Bids and deals: argochemical sector
The agrochemical sector, which makes seeds and pesticides, has come alive with mega-deals.
The agrochemical sector, which makes seeds and pesticides, has come alive with mega-deals. Last week, German chemicals giant Bayer, which specialises in herbicides, launched a $62bn bid for US-based Monsanto. This follows a $130bn merger last year between Dow Chemical and DuPont, two American chemical giants, while ChemChina has launched a $43bn bid for Switzerland's Syngenta.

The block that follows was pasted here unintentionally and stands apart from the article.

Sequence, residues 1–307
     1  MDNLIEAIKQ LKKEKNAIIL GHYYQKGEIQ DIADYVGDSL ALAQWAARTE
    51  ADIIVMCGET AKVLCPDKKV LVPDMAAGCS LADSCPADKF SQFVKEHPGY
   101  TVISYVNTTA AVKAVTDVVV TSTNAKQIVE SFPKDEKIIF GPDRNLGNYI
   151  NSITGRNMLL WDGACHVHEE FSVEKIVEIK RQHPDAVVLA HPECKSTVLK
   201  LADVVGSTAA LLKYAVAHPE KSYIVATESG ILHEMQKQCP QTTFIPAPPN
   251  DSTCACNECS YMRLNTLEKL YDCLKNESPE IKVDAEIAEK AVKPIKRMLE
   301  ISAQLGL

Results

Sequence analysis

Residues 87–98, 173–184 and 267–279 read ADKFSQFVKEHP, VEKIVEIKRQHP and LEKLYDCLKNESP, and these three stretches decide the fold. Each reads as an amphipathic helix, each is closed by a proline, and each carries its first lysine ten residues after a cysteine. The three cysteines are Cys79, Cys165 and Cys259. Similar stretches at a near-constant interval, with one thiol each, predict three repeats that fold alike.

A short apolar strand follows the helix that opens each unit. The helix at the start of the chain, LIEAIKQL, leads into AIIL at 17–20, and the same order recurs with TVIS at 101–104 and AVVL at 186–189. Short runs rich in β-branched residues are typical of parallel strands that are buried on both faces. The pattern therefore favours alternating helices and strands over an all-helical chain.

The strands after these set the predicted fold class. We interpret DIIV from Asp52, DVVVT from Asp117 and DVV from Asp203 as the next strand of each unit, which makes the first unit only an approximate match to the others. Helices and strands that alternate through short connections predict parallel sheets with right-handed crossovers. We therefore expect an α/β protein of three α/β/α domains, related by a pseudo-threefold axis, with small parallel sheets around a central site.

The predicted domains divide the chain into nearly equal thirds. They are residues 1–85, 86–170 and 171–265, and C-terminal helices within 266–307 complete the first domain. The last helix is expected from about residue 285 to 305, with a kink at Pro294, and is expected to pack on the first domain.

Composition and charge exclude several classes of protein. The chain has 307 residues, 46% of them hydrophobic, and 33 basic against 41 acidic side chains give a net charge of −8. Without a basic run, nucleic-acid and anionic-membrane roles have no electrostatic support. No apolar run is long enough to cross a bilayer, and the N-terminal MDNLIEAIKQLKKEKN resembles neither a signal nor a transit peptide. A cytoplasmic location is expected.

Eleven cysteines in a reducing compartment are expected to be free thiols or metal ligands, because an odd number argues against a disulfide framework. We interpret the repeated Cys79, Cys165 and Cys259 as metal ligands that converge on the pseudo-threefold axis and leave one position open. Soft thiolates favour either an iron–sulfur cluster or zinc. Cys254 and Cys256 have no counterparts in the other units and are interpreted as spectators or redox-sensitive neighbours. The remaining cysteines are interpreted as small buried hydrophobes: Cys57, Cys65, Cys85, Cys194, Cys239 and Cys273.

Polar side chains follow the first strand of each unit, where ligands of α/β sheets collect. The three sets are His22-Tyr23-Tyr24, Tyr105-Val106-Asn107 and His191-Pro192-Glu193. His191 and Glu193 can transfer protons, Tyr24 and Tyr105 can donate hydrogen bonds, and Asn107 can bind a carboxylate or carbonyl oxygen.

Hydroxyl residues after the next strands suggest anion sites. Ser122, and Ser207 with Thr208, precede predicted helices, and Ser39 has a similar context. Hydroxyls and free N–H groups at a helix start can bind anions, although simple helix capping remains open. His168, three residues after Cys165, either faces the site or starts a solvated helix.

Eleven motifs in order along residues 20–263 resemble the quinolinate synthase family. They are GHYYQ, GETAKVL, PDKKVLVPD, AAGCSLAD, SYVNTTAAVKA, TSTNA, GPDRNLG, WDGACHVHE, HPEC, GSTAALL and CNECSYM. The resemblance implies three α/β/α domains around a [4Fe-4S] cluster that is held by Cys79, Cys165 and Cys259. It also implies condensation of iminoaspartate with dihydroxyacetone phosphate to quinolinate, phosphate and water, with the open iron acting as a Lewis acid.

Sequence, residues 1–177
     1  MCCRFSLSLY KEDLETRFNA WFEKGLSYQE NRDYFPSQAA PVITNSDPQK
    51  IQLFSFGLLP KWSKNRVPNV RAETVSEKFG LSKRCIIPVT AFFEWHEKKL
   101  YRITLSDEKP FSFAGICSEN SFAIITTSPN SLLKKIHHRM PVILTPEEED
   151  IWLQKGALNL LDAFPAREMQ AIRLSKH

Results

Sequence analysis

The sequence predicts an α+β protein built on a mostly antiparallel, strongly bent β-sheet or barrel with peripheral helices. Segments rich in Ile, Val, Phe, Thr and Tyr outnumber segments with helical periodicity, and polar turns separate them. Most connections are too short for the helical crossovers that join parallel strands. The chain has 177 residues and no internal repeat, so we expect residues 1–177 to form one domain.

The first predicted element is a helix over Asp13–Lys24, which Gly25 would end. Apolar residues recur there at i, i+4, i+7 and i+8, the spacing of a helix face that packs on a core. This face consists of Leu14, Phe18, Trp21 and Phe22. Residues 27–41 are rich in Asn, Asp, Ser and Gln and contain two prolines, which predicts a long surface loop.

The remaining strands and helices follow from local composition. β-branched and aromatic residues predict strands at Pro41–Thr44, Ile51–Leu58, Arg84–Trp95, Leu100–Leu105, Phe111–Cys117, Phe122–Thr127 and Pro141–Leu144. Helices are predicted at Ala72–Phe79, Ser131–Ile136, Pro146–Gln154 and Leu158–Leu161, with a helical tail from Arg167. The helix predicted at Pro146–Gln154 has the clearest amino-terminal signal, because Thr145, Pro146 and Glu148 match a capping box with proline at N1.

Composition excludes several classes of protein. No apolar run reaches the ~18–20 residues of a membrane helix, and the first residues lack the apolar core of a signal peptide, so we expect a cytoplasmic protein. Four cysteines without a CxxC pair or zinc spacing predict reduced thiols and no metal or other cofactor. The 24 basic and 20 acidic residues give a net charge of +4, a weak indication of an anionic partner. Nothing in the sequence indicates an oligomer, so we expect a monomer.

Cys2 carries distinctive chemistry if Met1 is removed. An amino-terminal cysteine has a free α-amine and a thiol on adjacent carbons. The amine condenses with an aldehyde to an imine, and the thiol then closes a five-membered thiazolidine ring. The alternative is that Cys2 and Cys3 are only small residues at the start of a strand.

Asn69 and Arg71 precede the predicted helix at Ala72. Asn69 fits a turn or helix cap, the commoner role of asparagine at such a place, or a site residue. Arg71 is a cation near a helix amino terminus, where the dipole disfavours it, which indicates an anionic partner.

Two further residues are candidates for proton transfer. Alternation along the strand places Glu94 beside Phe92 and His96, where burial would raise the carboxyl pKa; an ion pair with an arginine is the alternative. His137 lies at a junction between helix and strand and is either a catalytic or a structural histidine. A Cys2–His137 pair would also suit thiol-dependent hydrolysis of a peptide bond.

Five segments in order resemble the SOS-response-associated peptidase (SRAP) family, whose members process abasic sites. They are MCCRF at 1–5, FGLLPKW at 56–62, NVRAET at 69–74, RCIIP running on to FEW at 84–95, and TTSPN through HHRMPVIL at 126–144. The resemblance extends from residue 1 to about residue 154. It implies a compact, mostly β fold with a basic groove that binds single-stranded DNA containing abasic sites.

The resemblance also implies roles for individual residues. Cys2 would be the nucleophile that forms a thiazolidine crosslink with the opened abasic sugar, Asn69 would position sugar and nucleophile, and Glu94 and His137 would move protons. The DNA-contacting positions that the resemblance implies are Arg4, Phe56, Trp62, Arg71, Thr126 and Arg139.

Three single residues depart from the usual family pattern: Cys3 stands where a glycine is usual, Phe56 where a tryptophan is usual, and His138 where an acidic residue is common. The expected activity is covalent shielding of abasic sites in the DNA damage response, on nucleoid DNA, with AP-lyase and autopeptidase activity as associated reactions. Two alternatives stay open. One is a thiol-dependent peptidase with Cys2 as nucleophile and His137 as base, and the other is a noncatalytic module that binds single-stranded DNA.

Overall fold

Investors have long seen agrochemical firms as a way to bet on rising populations and greater demand for food. Sector consolidation could boost potential returns further by lowering competition. If Bayer's bid for Monsanto were to go through, the number of globally dominant firms in the niche could shrink from six to just three.
Still, obstacles to this deal are manyfold. Monsanto has rebuffed Bayer's bid, which already looks pricey. Even if Bayer offers a higher price, US regulators could halt a deal: they intervened in 2007 when stopping Monsanto from buying a rival cotton seed producer, on the grounds that the combination would be too big, squeezing US farmers. So investors in Monsanto shouldn't bet on a higher offer.
Take some profits.